What experiences made you what you are?

Paper is the bane of my life. I have five four-drawer filing cabinets—that’s a total of 20 large drawers. And I have file folders for everything, from appliances to recipes.
My recipe folders go from appetizers to soups, but my appliance folders are more numerous. There’s a folder for each appliance we own, whether a coffee pot, an electric toothbrush, or a washing machine.
I have separate folders for each of the more than 700 weekly columns written in the last 15 years, as well as a drawer of folders for column ideas waiting to be written.
But even with good organization, I often feel terribly overwhelmed by paper. So last week, I looked through some obscure folders, hoping to toss lots of paper.
As I leafed through the folders, I once again remembered why I have so much paper. The most interesting thing I found was an undated sheet of paper entitled “Important themes of youth that made me what I am.”
This introspective piece was written more than 20 years ago (I know because it was printed on an antiquated dot-matrix printer).
I had eight points that “made me what I am,” with the first one being “Happy/everything was fun.”
Then I went on to say money and happiness are not connected, and that it’s a “good idea to be a little extravagant even when poor.”
My parents bought a farm just before the stock market crash of 1929 and they never fully recovered financially. But being strapped for cash didn’t affect the happiness of my young life a bit.
Eating an “Eskimo pie” after a fishing trip or roller-skating to visit our neighbours was enough happiness for me.
As the first grandchild on the maternal side, I had a “world of significant adults.” I thought I was special to my grandmother, but it may just have been her way of making everybody feel special.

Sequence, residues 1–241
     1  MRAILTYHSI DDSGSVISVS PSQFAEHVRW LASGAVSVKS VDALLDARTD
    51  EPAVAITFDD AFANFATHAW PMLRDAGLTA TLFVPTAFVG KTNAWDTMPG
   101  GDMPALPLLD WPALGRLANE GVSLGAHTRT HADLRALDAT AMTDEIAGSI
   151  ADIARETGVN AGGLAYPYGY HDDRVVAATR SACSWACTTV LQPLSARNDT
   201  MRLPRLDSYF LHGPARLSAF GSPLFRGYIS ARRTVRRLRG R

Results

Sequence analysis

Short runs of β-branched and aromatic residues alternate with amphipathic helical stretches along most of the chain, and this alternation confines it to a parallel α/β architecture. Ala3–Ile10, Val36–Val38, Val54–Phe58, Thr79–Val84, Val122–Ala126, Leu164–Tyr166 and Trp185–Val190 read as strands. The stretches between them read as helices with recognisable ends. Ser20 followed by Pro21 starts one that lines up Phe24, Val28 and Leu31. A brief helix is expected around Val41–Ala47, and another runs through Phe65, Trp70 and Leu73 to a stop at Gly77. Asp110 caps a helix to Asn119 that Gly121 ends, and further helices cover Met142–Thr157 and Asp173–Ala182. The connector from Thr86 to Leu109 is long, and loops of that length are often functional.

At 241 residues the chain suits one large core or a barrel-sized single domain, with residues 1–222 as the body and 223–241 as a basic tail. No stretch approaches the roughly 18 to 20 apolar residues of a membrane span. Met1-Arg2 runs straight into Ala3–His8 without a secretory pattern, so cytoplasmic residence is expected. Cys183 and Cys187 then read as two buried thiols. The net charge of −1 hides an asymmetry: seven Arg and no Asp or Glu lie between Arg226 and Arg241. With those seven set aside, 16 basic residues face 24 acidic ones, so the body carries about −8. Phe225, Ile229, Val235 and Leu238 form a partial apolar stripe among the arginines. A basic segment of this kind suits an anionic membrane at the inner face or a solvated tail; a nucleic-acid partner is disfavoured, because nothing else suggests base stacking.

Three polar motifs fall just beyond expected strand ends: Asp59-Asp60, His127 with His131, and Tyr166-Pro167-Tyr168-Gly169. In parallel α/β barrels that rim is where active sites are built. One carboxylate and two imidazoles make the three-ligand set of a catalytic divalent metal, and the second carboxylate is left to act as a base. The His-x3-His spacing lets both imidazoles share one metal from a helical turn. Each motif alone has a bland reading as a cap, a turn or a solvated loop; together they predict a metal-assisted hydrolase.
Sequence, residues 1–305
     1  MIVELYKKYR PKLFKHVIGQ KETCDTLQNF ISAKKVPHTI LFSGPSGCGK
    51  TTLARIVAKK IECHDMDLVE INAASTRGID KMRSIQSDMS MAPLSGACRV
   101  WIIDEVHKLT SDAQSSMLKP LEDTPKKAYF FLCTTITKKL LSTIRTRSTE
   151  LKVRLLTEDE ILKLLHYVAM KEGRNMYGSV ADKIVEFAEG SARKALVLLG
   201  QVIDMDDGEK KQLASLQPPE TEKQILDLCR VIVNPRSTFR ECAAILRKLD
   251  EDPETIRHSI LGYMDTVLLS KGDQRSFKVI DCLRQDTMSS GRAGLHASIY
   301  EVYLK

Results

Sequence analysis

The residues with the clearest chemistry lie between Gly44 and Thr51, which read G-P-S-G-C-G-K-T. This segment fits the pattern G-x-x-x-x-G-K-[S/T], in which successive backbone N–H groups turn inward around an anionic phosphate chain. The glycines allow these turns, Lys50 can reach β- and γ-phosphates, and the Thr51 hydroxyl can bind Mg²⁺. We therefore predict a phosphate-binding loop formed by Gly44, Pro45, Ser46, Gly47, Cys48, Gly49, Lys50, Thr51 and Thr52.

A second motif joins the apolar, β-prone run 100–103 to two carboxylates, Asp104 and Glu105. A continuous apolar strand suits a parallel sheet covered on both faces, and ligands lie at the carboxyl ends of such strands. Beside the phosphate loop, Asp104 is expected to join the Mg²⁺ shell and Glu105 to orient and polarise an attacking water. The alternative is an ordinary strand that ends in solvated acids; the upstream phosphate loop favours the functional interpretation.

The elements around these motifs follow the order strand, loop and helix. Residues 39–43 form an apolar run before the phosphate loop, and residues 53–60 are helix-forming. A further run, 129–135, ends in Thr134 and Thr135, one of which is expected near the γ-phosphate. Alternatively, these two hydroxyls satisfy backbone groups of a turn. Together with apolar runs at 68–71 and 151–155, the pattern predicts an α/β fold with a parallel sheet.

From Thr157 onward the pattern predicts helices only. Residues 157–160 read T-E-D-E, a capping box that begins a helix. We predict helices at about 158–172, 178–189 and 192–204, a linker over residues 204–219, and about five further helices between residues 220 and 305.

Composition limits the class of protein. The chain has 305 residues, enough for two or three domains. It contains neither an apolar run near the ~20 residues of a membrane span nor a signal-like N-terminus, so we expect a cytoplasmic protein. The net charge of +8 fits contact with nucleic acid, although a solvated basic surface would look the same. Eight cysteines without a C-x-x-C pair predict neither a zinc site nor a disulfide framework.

Aunt Naomi and Uncle Lee, aged 16 and 13, were delighted to have a baby in the family. But at the same time, I had “No pressure to perform. The important people in my life liked me for being me, not for what I did.”
As a result, I didn’t do very well in grade school or high school. But my internal controls took over later, and by graduate school I was a straight ‘A’ student.
There were very difficult experiences. Like the time my four-year-old brother was hit by a car and I felt guilty that I hadn’t stopped him from crossing the street. But still, I prefer to focus on the happy times.
In my world view, happiness is not connected to great riches and people are more important than their accomplishments.
What were the early influences in your life? Why not make a list of “Important themes of youth that made me what I am.” Were you happy, or did you have some scarring experiences?
Did you grow up poor or affluent? Did you love school, or was school hard for you?
No matter what the answers, think about how those experiences shaped your life and influenced how you see the world. If some of your experiences make you feel bad, decide to focus on ones that make you feel good.
Then build on those positive memories to create a wonderful NOW.
Marie Snider is an award-winning health care writer and syndicated columnist. Write her at thisside60@aol.com or visit www.visit-snider.com

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